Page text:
In this paper, we propose a novel feature selection method by jointly considering (1) ‘task-specific’ relations between response variables (e.g., clinical labels in this work) and neuroimaging features and (2) ‘self-representation’ relations among neuroimaging features in a sparse regression framework. Specifically, the task-specific relation is devised to learn the relative importance of features for representation of response variables by a linear combination of the input features in a supervised manner, while the self-representation relation is used to take into account the inherent information among neuroimaging features such that any feature can be represented by a weighted sum of the other features, regardless of the label information, in an unsupervised manner. By integrating these two different relations along with a group sparsity constraint, we formulate a new sparse linear regression model for class-discriminative feature selection. The selected features are used to train a support vector machine for classification. To validate the effectiveness of the proposed method, we conducted experiments on the Alzheimer’s Disease Neuroimaging Initiative (ADNI) dataset; experimental results showed superiority of the proposed method over the state-of-the-art methods considered in this work.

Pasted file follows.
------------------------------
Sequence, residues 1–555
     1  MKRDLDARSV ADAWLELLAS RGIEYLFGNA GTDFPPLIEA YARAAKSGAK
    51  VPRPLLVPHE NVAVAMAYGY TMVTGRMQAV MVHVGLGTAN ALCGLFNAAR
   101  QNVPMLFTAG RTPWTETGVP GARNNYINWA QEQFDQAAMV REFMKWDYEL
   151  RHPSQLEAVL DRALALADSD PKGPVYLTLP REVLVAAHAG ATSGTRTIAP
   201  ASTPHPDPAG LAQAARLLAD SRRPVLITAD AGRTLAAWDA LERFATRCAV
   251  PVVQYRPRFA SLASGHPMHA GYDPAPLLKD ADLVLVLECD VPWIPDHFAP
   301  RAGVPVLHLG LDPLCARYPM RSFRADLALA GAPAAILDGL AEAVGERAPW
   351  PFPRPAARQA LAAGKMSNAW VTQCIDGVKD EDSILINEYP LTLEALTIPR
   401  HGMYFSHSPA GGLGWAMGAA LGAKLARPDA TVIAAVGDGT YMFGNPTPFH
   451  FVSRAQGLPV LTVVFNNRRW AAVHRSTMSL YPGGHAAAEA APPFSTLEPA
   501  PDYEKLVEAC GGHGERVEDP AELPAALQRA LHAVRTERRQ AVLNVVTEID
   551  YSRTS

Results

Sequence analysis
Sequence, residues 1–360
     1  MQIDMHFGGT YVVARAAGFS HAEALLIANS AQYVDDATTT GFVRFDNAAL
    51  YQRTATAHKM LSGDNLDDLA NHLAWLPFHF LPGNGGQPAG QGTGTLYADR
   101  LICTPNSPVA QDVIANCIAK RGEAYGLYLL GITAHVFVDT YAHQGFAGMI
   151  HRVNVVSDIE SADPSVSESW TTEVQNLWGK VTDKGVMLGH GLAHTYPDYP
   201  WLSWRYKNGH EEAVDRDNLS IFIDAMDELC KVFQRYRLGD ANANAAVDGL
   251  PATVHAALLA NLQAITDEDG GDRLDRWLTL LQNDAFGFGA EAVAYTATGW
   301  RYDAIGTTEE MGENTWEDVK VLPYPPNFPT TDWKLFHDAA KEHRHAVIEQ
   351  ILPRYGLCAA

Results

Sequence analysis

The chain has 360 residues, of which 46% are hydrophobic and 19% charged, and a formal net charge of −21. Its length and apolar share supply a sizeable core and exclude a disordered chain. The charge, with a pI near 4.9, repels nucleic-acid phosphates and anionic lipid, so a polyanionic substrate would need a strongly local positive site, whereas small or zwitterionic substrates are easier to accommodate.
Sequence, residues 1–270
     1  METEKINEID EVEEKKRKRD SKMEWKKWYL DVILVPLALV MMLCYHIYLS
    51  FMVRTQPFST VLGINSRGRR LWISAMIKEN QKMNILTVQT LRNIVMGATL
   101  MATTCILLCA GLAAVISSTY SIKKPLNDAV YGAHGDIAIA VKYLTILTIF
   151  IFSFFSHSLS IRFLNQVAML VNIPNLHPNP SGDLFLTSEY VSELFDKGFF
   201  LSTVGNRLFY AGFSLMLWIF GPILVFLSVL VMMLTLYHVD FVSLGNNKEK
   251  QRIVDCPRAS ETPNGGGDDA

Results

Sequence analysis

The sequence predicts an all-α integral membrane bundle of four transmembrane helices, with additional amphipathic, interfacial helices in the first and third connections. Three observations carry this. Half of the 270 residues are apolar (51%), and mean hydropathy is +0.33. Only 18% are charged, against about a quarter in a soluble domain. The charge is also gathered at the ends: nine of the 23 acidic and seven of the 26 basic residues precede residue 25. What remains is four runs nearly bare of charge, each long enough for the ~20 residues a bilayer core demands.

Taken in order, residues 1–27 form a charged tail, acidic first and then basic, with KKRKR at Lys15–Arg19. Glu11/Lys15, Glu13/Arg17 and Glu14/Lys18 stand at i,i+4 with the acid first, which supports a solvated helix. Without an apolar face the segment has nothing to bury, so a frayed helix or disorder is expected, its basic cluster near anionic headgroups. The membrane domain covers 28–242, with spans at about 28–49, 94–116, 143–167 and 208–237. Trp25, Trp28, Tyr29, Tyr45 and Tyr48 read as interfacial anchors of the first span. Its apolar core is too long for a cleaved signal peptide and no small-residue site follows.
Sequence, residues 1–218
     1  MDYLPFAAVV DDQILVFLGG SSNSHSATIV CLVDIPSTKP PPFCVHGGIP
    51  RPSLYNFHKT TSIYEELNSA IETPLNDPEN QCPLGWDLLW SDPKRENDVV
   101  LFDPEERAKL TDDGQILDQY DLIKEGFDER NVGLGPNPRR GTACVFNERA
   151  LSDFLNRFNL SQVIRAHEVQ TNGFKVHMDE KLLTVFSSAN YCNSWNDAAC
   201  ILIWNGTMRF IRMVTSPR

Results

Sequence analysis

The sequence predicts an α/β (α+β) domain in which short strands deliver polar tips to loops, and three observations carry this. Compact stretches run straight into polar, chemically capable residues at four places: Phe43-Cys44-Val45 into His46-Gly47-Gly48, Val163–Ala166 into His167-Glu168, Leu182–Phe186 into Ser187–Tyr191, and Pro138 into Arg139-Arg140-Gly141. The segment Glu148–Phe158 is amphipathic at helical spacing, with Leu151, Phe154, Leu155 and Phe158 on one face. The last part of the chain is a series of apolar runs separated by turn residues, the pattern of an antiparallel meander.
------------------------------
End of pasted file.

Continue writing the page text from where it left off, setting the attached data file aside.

Bibliographical noteFunding Information:
Acknowledgments This work was supported in part by NIH grants (EB006733, EB008374, MH100217, MH108914, AG041721, AG049371, AG042599, AG053867, EB022880, MH110274), the Nation Natural Science Foundation of China (Grant No: 61573270), the Brain Research Program through the National Research Foundation of Korea funded by the Ministry of Science, ICT & Future Planning (NRF-2014M3C7A1046050), the Basic Science Research Program through the National Research Foundation of Korea (NRF) funded by the Ministry of Science, ICT & Future Planning, and by the Institute for Information & Communications Technology Promotion (IITP) grant funded by the Korea government (No. 2017-0-00451).
© 2017, Springer Science+Business Media New York.
- Alzheimer’s disease (AD)
- Feature selection
- Joint sparse learning
- Mild cognitive impairment (MCI)
ASJC Scopus subject areas
- Radiology Nuclear Medicine and imaging
- Cognitive Neuroscience
- Clinical Neurology
- Cellular and Molecular Neuroscience
- Psychiatry and Mental health
- Behavioral Neuroscience